Author Topic: kegging and oxidaiton  (Read 816 times)

Offline andyi

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kegging and oxidaiton
« on: July 08, 2014, 04:49:36 PM »
Howdy,

New to kegging and Just kegged a pale ale two weeks ago and I getting oxidation off flavors.   I transferred from the fermenter to the keg (did not put down a blanket of CO2). Check for leaks, add 5 psi co2 to seal and burp to remove o2, disconnect let sit overnight in fridge, connect set to approx. 12 psi till carbonated. Where in the packaging process could the oxidation  happen?

Cheers

Offline klickitat jim

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Re: kegging and oxidaiton
« Reply #1 on: July 08, 2014, 05:01:03 PM »
Yes. Could come from other things too.

Offline HoosierBrew

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Re: kegging and oxidaiton
« Reply #2 on: July 08, 2014, 05:09:13 PM »
Oxidation can come from excessive splashing from primary into secondary (if you used one), or from splashing into your keg. And purging your keg with CO2 before filling is a good protective step to get in the habit of. Also, it's good to be sure your racking tubing is long enough to reach the bottom of the keg, to minimize the splashing. Did you use a secondary?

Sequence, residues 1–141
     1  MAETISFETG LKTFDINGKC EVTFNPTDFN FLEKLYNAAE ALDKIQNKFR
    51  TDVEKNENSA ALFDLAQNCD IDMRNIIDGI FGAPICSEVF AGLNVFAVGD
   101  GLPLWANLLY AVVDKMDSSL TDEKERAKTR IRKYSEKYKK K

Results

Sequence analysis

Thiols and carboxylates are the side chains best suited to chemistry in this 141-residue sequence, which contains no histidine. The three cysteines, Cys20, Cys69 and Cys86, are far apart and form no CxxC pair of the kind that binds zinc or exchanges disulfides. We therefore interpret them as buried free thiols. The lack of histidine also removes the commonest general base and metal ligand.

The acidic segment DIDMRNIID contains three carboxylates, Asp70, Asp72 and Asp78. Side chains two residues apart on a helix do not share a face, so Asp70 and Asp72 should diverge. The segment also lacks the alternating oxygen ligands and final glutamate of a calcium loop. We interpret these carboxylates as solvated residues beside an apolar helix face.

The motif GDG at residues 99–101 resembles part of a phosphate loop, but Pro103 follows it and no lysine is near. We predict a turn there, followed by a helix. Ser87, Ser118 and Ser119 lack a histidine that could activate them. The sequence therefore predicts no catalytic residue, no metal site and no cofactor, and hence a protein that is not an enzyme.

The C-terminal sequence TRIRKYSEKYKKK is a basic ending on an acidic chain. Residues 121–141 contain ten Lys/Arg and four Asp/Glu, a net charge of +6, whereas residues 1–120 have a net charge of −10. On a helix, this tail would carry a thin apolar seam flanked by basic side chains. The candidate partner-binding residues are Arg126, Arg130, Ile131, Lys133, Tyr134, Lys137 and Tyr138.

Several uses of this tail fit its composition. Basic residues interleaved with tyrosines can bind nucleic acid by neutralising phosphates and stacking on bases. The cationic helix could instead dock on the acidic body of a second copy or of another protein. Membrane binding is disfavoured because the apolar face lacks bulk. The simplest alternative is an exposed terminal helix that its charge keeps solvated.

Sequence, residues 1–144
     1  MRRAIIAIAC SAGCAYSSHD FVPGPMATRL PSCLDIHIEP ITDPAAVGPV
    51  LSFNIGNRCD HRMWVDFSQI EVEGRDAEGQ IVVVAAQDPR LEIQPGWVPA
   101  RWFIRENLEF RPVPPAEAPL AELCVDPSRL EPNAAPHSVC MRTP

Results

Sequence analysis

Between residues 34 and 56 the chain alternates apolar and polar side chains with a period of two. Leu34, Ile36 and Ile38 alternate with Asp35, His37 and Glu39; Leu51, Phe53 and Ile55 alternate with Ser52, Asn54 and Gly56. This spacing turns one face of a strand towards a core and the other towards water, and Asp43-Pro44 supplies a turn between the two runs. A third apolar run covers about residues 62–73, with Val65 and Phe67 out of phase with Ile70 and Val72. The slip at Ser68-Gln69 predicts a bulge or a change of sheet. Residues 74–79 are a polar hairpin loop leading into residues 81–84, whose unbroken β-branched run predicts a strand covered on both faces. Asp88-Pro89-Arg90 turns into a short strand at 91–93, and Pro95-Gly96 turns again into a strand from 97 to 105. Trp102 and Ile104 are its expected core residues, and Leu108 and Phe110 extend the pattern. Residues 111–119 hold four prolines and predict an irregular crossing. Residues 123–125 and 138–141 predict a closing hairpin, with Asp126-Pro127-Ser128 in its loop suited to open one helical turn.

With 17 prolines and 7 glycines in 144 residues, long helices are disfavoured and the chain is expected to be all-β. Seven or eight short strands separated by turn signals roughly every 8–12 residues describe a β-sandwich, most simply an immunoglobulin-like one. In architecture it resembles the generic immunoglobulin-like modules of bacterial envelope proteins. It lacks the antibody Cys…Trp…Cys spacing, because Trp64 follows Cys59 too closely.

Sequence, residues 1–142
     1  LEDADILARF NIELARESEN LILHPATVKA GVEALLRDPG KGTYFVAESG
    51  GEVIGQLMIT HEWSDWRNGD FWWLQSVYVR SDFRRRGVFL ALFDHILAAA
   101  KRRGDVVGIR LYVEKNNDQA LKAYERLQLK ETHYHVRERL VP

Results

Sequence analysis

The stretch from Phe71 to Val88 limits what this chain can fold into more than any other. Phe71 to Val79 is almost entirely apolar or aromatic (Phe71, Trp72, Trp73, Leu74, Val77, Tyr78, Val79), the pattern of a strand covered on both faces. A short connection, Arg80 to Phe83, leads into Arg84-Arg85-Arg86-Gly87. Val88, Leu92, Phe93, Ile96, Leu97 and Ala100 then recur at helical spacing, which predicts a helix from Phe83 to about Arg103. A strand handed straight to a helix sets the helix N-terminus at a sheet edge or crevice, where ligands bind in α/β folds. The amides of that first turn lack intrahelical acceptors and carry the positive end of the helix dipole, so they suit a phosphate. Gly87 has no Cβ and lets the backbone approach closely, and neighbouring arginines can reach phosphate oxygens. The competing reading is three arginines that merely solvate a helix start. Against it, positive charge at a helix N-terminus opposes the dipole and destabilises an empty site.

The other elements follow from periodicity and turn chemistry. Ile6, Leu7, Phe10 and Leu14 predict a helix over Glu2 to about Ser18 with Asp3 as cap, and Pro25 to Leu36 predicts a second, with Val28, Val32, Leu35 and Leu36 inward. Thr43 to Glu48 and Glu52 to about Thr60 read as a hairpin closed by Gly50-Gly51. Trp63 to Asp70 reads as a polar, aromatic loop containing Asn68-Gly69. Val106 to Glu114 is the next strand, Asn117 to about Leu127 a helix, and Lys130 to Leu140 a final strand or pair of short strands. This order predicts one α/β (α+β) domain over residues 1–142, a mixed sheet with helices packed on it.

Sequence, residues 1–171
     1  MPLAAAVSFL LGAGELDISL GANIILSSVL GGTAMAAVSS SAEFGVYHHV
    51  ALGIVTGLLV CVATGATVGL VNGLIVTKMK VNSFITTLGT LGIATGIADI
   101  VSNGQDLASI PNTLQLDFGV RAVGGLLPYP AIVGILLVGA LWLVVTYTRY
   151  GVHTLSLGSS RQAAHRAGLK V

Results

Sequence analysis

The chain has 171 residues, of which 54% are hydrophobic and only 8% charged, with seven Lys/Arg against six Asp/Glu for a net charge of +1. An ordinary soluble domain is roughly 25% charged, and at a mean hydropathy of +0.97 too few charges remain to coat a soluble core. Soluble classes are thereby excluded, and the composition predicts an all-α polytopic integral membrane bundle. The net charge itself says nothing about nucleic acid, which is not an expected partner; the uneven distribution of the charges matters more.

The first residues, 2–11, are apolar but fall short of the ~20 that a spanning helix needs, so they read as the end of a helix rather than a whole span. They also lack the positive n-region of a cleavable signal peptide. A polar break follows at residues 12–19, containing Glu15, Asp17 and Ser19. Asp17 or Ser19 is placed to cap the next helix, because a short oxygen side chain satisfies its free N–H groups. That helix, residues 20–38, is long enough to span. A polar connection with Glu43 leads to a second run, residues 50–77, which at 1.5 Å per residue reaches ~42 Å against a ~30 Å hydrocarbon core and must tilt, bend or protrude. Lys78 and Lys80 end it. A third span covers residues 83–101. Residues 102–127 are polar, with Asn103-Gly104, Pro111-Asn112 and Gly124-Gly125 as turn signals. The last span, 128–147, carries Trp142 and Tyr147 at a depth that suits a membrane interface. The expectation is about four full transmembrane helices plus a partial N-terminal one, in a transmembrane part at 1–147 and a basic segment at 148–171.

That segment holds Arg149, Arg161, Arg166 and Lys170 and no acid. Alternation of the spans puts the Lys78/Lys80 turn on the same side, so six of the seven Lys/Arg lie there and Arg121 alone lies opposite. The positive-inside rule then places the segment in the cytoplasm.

EDIT - Also, it looks like you purged the filled keg (which is good), but sealed with only 5 psi, disconnected and left it overnight before reconnecting? If so, that small amount of CO2 was likely not enough to actually seal the keg as some was probably absorbed by the beer, and may have allowed some outside air in past the seal to oxidize.
Constant pressure is best. I seat the lid with ~ 30 psi for a minute after purging and then reduce the pressure to my desired carbonation pressure (often 12 psi) and leave it there.
« Last Edit: July 08, 2014, 05:21:13 PM by HoosierBrew »
Jon H.

Offline S. cerevisiae

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Re: kegging and oxidaiton
« Reply #3 on: July 08, 2014, 08:21:06 PM »